If the industry doesn’t clean up its act regarding claims costs, the current case against RSA will be the first of many
The insurance industry received two body blows this week. The government-backed report on the summer riots lambasted insurers for not paying out claims, leaving businesses in the lurch. And Jack Straw threatened publicly to lead a House of Commons bid to nationalise motor insurance in areas where the private sector is failing to act competitively.
Insurance is becoming the whipping boy of politicians - but it does not help itself. As our investigation into the scandal surrounding the subrogation of claims costs demonstrates, nearly everyone’s got a finger in the pie.
Jack Straw’s comments caught the public imagination earlier this year, as the industry really does have “dirty secrets”. He has now weighed into the debate on subrogation, telling us that the practices surrounding repair costs are another example of the industry’s malpractice. Most, if not all, of the insurers crying ‘foul’ over RSA’s inflation of repair costs are pocketing cash from arrangements that are ethically if not legally similar.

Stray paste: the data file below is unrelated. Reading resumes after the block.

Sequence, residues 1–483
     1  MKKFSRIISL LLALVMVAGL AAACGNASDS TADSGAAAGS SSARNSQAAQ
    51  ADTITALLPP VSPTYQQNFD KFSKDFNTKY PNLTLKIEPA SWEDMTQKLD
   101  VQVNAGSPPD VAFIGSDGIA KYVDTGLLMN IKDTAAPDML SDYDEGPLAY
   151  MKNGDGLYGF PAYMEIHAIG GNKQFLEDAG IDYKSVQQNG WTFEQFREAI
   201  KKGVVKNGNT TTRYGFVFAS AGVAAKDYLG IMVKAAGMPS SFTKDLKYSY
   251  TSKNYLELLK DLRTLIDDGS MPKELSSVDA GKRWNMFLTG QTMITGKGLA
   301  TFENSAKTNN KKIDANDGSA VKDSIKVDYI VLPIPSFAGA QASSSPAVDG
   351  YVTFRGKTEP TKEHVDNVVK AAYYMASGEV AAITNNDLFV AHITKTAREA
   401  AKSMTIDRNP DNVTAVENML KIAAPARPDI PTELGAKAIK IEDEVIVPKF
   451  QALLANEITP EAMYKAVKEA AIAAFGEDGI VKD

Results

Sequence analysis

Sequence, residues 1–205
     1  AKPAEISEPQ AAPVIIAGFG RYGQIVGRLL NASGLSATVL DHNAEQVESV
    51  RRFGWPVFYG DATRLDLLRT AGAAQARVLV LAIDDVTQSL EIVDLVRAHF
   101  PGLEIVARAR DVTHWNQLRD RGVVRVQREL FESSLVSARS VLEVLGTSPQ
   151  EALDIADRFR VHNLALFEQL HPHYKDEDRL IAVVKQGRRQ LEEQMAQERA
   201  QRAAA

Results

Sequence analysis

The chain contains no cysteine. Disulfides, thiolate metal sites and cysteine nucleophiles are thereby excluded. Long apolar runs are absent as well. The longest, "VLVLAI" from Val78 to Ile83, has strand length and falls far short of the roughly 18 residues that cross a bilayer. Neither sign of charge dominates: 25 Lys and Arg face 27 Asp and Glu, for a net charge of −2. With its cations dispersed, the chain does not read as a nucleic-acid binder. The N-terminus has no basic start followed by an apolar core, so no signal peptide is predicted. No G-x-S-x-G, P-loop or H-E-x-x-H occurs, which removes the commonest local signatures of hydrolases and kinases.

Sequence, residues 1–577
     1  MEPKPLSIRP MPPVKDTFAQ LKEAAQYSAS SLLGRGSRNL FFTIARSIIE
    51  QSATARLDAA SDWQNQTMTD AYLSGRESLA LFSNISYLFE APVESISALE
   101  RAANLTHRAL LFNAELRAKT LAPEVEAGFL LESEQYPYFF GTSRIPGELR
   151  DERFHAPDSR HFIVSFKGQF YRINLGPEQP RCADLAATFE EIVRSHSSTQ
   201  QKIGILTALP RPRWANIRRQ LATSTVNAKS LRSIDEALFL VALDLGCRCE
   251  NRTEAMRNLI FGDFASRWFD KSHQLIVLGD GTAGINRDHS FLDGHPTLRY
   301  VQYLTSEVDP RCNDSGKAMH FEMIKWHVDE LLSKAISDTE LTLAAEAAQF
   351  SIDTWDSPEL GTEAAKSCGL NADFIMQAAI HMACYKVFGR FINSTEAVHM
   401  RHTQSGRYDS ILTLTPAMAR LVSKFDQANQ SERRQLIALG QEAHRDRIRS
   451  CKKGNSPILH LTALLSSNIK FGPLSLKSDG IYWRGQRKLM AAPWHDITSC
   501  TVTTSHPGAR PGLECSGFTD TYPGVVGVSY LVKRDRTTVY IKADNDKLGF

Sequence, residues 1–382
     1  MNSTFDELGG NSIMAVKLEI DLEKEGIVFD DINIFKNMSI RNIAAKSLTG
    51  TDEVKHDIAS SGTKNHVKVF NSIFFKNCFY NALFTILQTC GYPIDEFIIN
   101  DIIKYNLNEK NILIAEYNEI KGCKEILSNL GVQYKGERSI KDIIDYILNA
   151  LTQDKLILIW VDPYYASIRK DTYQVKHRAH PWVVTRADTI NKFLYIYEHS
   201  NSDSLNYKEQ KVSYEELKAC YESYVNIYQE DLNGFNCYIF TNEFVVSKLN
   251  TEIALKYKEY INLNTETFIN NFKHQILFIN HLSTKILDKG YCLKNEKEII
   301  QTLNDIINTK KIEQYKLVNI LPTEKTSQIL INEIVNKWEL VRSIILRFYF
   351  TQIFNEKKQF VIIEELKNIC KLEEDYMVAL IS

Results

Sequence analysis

This process, like referral fees, has become a vicious cycle of individual insurers seeking to raise some money to offset the cost of being on the receiving end of the practice. But, again like referral fees, it has produced a system whereby no one benefits, and the consumer ultimately picks up the bill.
So what to do? Aviva’s David McMillan makes a sensible suggestion: why doesn’t each insurer pay its own repair costs, regardless of fault? Then it will be in their interest to keep costs down and customers will ultimately benefit.
If the industry doesn’t clean up its act, the current case against RSA will be the first of many. If the court finds RSA guilty of illegally inflating costs, what’s to stop the insurer launching its own legal attacks on rivals milking cash out of the system in other ways? The worst-case scenario is that insurers could find themselves stuck in a tangle of costly and damaging legal battles. As the events of this week show, there are far more important battles to fight.